Much of the difficult work remains to be done as specialty groups take the general principles and develop specific recommendations for their members. This is a pioneering and important effort, but it only applies to the therapeutic use of antibiotics under the control of veterinarians and, as we know, much antibiotic use on the farm is neither therapeutic nor under the control of veterinarians.

Partly to fill these gaps, and partly because compliance with voluntary measures may vary, we very much need a regulatory framework that ensures the availability of safe and effective drugs for treatment of human disease and for food production.

Now, there has been a lot of disagreement over the years between human and animal health communities on these issues. Unfortunately, the controversies have progressed beyond disagreement. There have been a lot of bridges burnt over the years between the animal and human health communities. These bridges need to be repaired. I think in the last year we have seen steps in that direction, and I would mention again that AVMA's efforts in inviting representatives of human medicine to serve as liaison members to their committee has been very helpful. We still do have a long way to go.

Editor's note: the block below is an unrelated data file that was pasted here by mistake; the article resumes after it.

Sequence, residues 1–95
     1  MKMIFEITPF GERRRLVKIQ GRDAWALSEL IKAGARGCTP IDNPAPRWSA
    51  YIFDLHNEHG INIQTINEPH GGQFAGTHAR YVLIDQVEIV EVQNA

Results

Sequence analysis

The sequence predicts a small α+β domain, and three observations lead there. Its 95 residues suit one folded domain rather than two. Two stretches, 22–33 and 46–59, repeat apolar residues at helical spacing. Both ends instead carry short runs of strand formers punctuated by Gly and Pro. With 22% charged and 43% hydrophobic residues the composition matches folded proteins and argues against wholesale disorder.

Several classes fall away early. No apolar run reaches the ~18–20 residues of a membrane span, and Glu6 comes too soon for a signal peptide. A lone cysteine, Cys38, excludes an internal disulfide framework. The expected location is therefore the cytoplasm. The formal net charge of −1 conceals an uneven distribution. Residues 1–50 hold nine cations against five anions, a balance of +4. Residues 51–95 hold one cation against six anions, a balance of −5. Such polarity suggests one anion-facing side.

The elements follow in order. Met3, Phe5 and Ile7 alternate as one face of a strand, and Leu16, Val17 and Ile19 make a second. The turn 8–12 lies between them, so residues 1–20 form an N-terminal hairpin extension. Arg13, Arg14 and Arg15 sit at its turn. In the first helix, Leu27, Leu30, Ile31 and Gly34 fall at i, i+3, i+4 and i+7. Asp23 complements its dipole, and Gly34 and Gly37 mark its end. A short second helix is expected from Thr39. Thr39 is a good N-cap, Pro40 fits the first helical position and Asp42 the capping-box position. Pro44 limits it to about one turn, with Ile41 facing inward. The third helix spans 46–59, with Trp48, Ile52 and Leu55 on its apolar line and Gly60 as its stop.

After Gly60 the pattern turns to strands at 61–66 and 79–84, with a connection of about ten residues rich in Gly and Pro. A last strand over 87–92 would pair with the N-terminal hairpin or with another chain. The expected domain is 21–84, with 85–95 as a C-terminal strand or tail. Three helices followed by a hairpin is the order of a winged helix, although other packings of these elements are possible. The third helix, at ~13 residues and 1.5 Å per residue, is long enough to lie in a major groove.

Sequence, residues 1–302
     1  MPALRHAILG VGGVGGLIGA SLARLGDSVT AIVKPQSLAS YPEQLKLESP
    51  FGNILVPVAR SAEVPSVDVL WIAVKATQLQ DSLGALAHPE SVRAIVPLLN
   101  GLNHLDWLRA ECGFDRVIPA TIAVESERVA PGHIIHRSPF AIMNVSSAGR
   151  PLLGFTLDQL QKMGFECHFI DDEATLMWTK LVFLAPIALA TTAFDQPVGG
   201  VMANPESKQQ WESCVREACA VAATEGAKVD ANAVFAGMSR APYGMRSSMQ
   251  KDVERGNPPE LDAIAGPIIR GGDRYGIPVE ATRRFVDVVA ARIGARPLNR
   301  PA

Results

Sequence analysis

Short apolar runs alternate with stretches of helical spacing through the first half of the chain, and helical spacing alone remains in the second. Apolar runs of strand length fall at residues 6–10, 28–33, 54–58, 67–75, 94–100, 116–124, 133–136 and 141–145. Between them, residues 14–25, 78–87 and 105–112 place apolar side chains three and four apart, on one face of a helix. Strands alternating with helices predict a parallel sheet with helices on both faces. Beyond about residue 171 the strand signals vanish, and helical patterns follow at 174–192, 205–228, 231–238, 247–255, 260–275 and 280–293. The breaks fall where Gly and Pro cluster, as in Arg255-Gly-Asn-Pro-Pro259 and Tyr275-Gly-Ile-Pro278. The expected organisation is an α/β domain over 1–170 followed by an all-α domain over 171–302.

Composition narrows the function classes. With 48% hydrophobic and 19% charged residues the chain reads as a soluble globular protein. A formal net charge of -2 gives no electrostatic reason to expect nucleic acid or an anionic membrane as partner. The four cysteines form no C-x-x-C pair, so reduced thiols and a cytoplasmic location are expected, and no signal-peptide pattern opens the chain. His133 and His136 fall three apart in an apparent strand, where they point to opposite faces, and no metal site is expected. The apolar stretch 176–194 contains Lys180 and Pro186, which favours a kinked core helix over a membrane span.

Now, it has been very difficult to arrive at a consensus between the human and animal health communities. We all pay homage to the scientific data. However, the problem is that people with different perspectives interpret the same body of information differently. Physicians in human medicine who deal everyday with drug resistant infections may not appreciate the difficult problems in food animal production. People who wrestle everyday with how to produce food economically may never have stood at the bedside of a critically ill patient with invasive Salmonella or other serious infection, hoping that the antibiotics will work and having to deal with the consequences when they did not work. These differences in professional experience and perception inevitable affect how people interpret available information on the issue. In addition, of course, some people with major economic interests at stake may find it difficult to adopt a position contrary to those interests, no matter how much scientific data may be available and what it may show.